An implant in accordance with the invention also yields outstanding results when configured as a body. In some cases, a gap remains between the body structures adjacent to the repaired site even after insertion of a mesh. In hernia surgery for example, this gap often forms between the two rectus muscles. In this case, the dimensions of the gap are at least one centimeter in width, length and depth respectively. In such cases, the two rectus muscles must additionally be connected. Force taking net-like structures with wide tension sutures are used for the purpose. These are not only very inconvenient for the patient, they also are at high risk of mechanical failure on account of their length. Failure of the tension sutures imperatively calls for another surgical operation.
 The body-shaped implant is particularly suited for supporting the neighboring tissue structures, meaning those located in the region of the repaired body orifice. Ideally, the shape of the body-shaped implant of the invention may be adapted in the best possible way to the dimensions of the defect, with the body-shaped implants more specifically being used in the form of cords, bars, cubes or spheres of different sizes. Gaping suture wounds may thus largely be avoided.
 In a preferred variant of the body-shaped embodiment in accordance with the invention, the diameter or edge length extensions of the implant are intended to be in excess of 10 mm. For repairs in surgical operations intending to use the implant of the invention, smaller implant sizes are often unmanageable and moreover not appropriate.
 It is particularly advantageous if the implant of the invention comprises protruding connection elements. The surgeon may use these connection elements to particularly easily establish connections with the body tissue surrounding the wound or with the body tissue intended to serve as an attachment point without the surgeon needing further aid in the form of means enabling him to connect the implant to the anchor points provided for. In that the connection elements are protruding, the shape of the implant may further be adapted to the dimensions of the wound to be closed, totally independent of the connection points chosen. Concurrently, the anchor points may be chosen independent of the size and location of the actual defect.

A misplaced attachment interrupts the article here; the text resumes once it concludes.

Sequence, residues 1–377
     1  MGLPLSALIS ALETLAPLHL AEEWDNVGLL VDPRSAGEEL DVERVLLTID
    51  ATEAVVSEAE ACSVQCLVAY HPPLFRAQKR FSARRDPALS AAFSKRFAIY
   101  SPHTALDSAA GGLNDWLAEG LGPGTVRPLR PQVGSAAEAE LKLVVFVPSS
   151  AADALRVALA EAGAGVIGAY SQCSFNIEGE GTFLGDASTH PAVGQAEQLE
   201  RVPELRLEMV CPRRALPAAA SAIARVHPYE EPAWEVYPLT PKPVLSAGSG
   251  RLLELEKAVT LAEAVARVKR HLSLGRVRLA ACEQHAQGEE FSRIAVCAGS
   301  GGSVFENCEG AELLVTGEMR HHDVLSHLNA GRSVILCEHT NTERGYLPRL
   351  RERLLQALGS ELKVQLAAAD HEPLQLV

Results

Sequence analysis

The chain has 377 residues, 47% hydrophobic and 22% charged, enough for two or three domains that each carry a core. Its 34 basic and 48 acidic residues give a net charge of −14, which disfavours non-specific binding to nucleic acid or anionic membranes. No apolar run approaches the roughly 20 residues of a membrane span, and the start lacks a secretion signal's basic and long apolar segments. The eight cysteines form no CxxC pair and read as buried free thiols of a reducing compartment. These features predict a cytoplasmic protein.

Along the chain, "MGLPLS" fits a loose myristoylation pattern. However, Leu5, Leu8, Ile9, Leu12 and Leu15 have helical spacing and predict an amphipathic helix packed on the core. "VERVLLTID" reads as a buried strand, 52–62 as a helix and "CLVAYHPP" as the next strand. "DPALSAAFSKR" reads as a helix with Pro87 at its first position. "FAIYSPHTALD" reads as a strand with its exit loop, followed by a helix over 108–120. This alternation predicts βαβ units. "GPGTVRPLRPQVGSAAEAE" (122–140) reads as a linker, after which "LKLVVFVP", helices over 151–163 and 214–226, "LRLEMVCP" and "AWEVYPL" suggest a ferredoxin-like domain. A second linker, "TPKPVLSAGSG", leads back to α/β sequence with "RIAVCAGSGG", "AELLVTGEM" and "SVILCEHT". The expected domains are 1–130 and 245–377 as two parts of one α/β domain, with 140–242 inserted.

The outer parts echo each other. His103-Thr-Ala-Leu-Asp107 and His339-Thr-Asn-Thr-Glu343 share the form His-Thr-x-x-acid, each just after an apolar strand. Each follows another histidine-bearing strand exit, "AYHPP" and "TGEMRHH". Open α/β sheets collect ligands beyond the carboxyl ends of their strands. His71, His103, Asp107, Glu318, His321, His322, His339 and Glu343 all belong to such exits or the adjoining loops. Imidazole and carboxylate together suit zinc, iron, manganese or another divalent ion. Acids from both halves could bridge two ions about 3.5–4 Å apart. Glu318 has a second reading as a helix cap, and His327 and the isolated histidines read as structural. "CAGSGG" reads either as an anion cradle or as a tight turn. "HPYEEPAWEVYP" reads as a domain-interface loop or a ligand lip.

At least on its top and/or bottom side the implant may for example be comprised of laterally projecting connection segments. These connection segments may be integrally formed with the base body of the implant and at least partially overlap the adjoining tissue.
 The implant may be dimensionally adapted to the given requirements by implementing it so as to be tailorable.
 In a particularly advantageous embodiment of the implant of the invention, this is characterized by the fact that it comprises a body and a planar structure. In this variant, the body mainly performs the function of filling and supporting in the best possible way the gaping body orifice, whereas the planar part selectively promotes the ability to connect to, and integrate with, the body tissue.
 An alloplastic implant of the type mentioned herein above may additionally be characterized in that it comprises, in addition to, or instead of, PVDF, a material selected from the group consisting of the following materials and/or the derivatives thereof: polyester-based polymer, polyglycolic acid, poly-tetra-fluor-ethylene, polyvinyl, polyamide, polypropylene, polyethylene, elastane, polyurethane, polyvinyl alcohol, polylactide, polyglycolide, polydioxanone, alginate, casein, protein, lactide/glycolide copolymers and other copolymers of the materials indicated.
 Advantageous embodiments and an advantageous application of the invention will be described herein after with reference to the drawings.
 In the drawings:
FIG. 1 shows a three-dimensional view of an exemplary implant,
FIG. 2 shows the three dimensional view of a small detail of a planar implant piece and
FIG. 3 shows a schematic diagram of a repaired abdominal wall using a proposed implant in a sectional view.